The What-if Question Genie This is my newest interactive page!
This tells the "Three Little Pigs" story from the wolf's point of view. Ask the children to think of a story that they know well, and to write another version from another point of view.
Remind the children of the story and read chapter 15 - a description of the Chocolate Room. Ask the children who have read the story if they can think of any of the other rooms in the factory. Make a list of these on the board for the children to refer to later.
Now ask the children to make up a new room for the chocolate factory, making sure that they are as descriptive as possible. Jessica Miller has also suggested the following idea: What might have happened if any of the other children had gotten the factory?
Only try it with a class you are comfortable with, and who you think will cope with the situation. Also try to add a little humour where possible, ensuring that the children are aware that it's not real - you're just pretending!
Choose a name for a missing person e. Before the lesson, put a chair in an empty space in the classroom. For the purposes of the lesson, pretend that this space is where "Paul" normally sits.
Ask the children where "Paul" is. They will probably look at you as though you are mad, but continually ask them where "Paul" is today. Tell them that he normally sits in his space point to the empty chair and that he was there yesterday, but he isn't there today.
Insist that they tell you where he is. Hopefully someone will make up a reason why "Paul" isn't in today. Argue with them, saying that you have heard differently. Ask if anyone knows anything else. Ask who was the last person to see him. Continue like this for a while, with the children explaining where he is.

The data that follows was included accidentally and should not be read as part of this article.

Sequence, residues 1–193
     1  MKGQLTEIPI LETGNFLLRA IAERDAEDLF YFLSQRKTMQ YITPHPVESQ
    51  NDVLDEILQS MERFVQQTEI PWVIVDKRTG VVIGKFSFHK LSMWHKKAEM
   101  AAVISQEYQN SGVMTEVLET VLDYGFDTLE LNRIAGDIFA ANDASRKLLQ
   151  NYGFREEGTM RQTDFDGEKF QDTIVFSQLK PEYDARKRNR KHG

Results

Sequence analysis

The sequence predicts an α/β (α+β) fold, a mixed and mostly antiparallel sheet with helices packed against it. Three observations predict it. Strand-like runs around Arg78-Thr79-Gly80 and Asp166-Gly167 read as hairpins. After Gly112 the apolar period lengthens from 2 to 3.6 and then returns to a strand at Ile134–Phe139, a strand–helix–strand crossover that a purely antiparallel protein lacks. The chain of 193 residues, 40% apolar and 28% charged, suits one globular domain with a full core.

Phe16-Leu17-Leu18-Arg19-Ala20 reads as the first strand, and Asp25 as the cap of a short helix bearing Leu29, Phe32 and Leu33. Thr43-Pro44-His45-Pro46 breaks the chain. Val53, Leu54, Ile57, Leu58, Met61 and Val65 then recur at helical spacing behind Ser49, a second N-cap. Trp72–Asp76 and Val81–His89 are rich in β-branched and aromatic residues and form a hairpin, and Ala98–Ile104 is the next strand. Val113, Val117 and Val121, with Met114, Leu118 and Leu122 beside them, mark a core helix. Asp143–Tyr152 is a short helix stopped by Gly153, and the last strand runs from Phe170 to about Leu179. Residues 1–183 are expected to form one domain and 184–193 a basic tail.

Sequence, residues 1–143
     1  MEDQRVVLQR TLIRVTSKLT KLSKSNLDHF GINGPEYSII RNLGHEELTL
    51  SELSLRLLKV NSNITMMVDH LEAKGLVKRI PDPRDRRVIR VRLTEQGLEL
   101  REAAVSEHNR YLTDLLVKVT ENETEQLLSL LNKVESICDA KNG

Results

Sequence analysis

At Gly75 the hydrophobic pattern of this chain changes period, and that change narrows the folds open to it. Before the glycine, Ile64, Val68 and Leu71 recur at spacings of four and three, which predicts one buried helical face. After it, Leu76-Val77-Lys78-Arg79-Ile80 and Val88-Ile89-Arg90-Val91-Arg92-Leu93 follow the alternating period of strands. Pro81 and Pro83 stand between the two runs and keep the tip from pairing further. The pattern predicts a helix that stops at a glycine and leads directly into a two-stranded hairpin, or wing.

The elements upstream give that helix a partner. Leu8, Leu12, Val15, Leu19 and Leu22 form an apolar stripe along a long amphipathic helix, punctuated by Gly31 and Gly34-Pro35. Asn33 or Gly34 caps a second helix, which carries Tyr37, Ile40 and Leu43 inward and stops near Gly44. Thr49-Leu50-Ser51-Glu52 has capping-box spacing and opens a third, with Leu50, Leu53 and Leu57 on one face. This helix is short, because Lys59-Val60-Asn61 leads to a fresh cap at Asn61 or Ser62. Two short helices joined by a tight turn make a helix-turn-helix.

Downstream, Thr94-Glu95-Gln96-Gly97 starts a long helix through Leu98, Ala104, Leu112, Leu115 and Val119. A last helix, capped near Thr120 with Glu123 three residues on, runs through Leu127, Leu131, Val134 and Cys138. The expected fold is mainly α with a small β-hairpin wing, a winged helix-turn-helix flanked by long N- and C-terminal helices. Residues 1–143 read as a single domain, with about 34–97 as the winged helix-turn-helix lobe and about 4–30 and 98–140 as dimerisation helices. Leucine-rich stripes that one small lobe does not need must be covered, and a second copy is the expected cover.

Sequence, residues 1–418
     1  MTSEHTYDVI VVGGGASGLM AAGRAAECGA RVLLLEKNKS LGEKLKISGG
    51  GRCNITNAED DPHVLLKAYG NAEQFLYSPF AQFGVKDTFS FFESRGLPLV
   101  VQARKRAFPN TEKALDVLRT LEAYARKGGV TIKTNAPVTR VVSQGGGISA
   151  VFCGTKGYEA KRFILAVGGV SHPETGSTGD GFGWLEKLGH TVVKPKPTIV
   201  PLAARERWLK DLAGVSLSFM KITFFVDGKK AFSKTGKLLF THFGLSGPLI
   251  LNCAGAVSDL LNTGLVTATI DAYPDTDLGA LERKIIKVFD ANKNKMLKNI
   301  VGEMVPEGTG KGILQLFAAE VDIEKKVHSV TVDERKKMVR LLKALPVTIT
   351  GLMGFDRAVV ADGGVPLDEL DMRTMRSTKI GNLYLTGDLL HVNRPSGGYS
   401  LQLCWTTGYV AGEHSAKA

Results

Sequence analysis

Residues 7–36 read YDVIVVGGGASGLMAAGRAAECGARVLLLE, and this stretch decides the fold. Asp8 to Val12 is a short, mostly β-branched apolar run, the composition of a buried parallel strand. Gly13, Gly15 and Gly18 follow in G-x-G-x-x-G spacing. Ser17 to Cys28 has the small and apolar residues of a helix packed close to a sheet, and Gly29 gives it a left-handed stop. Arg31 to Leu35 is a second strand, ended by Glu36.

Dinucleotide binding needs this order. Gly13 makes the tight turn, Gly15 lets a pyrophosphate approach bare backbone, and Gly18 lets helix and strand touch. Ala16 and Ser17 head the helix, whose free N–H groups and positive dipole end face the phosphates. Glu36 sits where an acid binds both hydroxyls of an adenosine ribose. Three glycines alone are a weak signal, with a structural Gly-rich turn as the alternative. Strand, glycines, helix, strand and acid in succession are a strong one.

Finally, say that as Paul is missing, we will have to make some missing person posters, explaining who Paul is with a picture so others can identify him!
When these are made, you could post them around the school. A missing person poster template can be found below. Read the story through with the children. This could be in the form of a story, or a storyboard with accompanying pictures.Writing activities outdoors can have several aims: To learn or reinforce specific skills, knowledge and understanding As a context for activities where the surroundings act as a .
Outdoors Publications Ontario Nature magazine (Canada) Ontario Nature magazine publishes feature articles on all aspects of natural history, conservation and the environment in Ontario: stories about plants and animals, wildlife research, parks and wilderness areas, and environmental issues.
Like boys and action, reading and writing go hand-in-hand. Both are critical skills for literacy. It is through writing that boys will learn to formulate thoughts and improve their creativity and thinking skills.
Take Creative Writing Outdoors! writing It's better when you writing see the real life size creative things.
I get better ideas. Your art can be better as well because you can see what you are drawing. Our favourite was creative writing dmu Life Mound. It was fun climbing round and round, and there was a good view creative the top.
AMC Outdoors, the magazine of the Appalachian Mountain Club, inspires readers to get outside and get engaged by providing high-quality, compelling coverage of outdoor recreation, education, and conservation throughout the Northeast and Mid-Atlantic.
To promote development, detail, and focus of ideas in students' writing, it sometimes helps to start with a fun, creative writing activity that encourages what you want to see in all of their writing.
In this minilesson, students practice writing detailed, sensory-rich descriptions by framing a.